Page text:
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Gandhi Movie Poster

Year: 1982
Director: Richard Attenborough

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Cast:

Ben Kingsley (Mahatma Gandhi), Candice Bergen (Margaret Bourke-White), Edward Fox (General Dyer), John Gielgud (Lord Irwin), Trevor Howard (Judge Broomfield), John Mills (The Viceroy), Martin Sheen (Walker), Ian Charleson (Charlie Andrews), Athol Fugard (General Smuts), G√ľnther Maria Halmer (Herman Kallenbach (as Gunter Maria Halmer)), Saeed Jaffrey (Sardar Patel), Geraldine James (Mirabehn), Alyque Padamsee (Mohammed Ali Jinnah), Amrish Puri (Khan), Roshan Seth (Pandit Nehru), Rohini Hattangadi (Kasturba Gandhi (as Rohini Hattangady)), Ian Bannen (Senior Police Officer), Michael Bryant (Principal Secretary), John Clements (Advocate General), Richard Griffiths (Collins)

Storyline:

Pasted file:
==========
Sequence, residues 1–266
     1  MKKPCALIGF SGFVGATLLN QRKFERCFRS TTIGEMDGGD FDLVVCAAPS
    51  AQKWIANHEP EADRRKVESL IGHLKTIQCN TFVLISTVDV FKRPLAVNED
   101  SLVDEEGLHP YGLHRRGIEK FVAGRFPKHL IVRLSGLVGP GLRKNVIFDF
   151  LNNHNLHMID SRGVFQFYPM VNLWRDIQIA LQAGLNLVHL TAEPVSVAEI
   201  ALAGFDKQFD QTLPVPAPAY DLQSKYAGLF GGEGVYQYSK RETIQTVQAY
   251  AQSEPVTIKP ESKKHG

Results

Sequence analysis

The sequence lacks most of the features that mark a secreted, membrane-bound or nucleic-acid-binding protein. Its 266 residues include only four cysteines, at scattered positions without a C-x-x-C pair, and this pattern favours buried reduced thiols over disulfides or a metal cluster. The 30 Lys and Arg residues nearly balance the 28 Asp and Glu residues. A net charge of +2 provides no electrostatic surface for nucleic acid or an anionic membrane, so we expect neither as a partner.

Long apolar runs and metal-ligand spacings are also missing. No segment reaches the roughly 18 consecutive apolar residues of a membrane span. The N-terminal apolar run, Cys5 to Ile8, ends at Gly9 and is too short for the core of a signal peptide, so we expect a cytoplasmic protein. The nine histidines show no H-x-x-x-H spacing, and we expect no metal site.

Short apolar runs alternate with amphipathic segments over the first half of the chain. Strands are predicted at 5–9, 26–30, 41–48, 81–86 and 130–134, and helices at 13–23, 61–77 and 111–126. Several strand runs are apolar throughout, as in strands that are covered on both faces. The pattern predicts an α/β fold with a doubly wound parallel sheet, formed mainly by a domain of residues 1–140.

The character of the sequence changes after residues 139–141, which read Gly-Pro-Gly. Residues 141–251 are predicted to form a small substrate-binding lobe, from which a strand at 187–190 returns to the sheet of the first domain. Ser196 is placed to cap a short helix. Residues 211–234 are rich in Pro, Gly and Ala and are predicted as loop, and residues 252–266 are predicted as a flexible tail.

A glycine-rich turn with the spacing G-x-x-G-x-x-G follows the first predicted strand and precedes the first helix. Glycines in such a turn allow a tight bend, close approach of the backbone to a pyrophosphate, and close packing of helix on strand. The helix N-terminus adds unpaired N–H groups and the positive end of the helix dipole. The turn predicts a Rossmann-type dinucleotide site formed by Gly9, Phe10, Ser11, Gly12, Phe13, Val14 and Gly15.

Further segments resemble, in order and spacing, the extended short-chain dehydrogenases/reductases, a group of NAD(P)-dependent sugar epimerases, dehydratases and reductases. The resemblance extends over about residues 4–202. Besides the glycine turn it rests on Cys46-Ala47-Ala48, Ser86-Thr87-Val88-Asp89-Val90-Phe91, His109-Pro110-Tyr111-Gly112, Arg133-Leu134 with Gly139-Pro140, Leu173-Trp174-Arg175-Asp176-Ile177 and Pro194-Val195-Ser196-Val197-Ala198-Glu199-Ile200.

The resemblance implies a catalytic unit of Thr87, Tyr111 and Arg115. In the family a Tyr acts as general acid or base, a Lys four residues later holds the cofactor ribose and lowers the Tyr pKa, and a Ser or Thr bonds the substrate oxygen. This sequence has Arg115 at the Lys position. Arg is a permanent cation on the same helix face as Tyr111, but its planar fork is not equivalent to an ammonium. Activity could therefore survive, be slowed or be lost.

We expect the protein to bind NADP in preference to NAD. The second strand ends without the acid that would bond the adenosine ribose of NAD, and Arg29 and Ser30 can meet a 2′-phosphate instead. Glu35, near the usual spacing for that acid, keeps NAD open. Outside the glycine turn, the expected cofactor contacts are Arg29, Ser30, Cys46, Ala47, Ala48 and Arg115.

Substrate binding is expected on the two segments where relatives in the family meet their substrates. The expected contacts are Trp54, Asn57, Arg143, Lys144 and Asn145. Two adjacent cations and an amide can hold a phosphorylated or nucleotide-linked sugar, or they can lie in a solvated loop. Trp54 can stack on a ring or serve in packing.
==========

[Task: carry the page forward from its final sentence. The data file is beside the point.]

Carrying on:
When 'Mahatma Gandhi' (qv) first set foot in British India, he had already been to Britain and South Africa, and had created quite a stir for the betterment of the people. But in India, he realized that he had first to live the life of a peasant to understand what it is to be an Indian. This resolve will lead him to shed his westerners clothing, and don a simple loincloth, be subjected to racial slurs from none other than Winston Churchill (Half naked Indian Fakir); Mobilize awareness of local industry and less dependence on imported clothing and material; the historic dandee march for withdrawal of the salt tax; a fast unto death to stop the virtual slaughter of British troops by irate Indian mobs; and be imprisoned several times. His resolve was to work with stalwarts such as Mohammed Ali Jinnah, Sardar Valabhbhai Patel, Professor Gokhale, J.B. Kripalani, Maulana Azad, and Pandit Jawarharlal Nehru to ensure first of all to get the British to quit India, and then run an Indian Government under the Congress party. Gandhi will soon realize that it is not enough to be just an Indian, for India has many facets - Muslim, Hindu, Sikh, Jewish, and Christian. The British relied on these many facets as an excuse for their continuance as they wanted to ensure that the minorities are not oppressed by the Hindu majority. Concerned over the inroads made by Gandhi to unite the Hindus, Muslims, and all others under a common umbrella, the British invited Jinnah for talks, and it is here that a seed was laid for a separate country called Pakistan. When Gandhi came to know about this, he pleaded with Jinnah to unite the Muslims, even take over as the first Prime Minister with his choice of Muslim candidates for Parliament, but separatist Jinnah had already made his mind. The World Wars of 1914 and 1944 having taken it's toll on Europe and Britain in particular, the weary British finally decided to leave India in 1947 - not the India they had conquered - but an India that was ready to be divided in East Pakistan and West Pakistan. Now after the much awaited independence was the real test for Gandhi - a test that will make him or break him - as he started a fast unto death to try and stop the violence that was threatening to break out into a civil war, not realizing that he had indirectly fanned Hindu extremism, which would later be called the Shiv Sena, into taking the matter directly in their hands to ensure that Muslims are kept out of their Hindustan forever.